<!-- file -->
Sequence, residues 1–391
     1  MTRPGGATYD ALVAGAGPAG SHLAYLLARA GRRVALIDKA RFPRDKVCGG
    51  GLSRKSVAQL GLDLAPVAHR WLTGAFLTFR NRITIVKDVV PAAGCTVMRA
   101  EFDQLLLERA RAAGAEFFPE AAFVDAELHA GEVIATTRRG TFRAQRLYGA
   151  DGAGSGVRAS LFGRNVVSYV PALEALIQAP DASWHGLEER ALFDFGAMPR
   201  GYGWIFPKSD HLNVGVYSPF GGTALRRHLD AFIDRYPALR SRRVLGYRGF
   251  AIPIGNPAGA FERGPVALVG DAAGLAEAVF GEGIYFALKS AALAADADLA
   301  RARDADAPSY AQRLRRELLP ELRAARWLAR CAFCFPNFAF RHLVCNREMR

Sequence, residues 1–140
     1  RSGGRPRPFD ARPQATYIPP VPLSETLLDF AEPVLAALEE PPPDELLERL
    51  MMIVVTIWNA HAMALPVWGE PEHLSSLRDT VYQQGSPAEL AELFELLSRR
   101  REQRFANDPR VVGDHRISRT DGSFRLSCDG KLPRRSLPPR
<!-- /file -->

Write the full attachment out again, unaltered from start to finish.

Sequence, residues 1–391
     1  MTRPGGATYD ALVAGAGPAG SHLAYLLARA GRRVALIDKA RFPRDKVCGG
    51  GLSRKSVAQL GLDLAPVAHR WLTGAFLTFR NRITIVKDVV PAAGCTVMRA
   101  EFDQLLLERA RAAGAEFFPE AAFVDAELHA GEVIATTRRG TFRAQRLYGA
   151  DGAGSGVRAS LFGRNVVSYV PALEALIQAP DASWHGLEER ALFDFGAMPR
   201  GYGWIFPKSD HLNVGVYSPF GGTALRRHLD AFIDRYPALR SRRVLGYRGF
   251  AIPIGNPAGA FERGPVALVG DAAGLAEAVF GEGIYFALKS AALAADADLA
   301  RARDADAPSY AQRLRRELLP ELRAARWLAR CAFCFPNFAF RHLVCNREMR

Sequence, residues 1–140
     1  RSGGRPRPFD ARPQATYIPP VPLSETLLDF AEPVLAALEE PPPDELLERL
    51  MMIVVTIWNA HAMALPVWGE PEHLSSLRDT VYQQGSPAEL AELFELLSRR
   101  REQRFANDPR VVGDHRISRT DGSFRLSCDG KLPRRSLPPR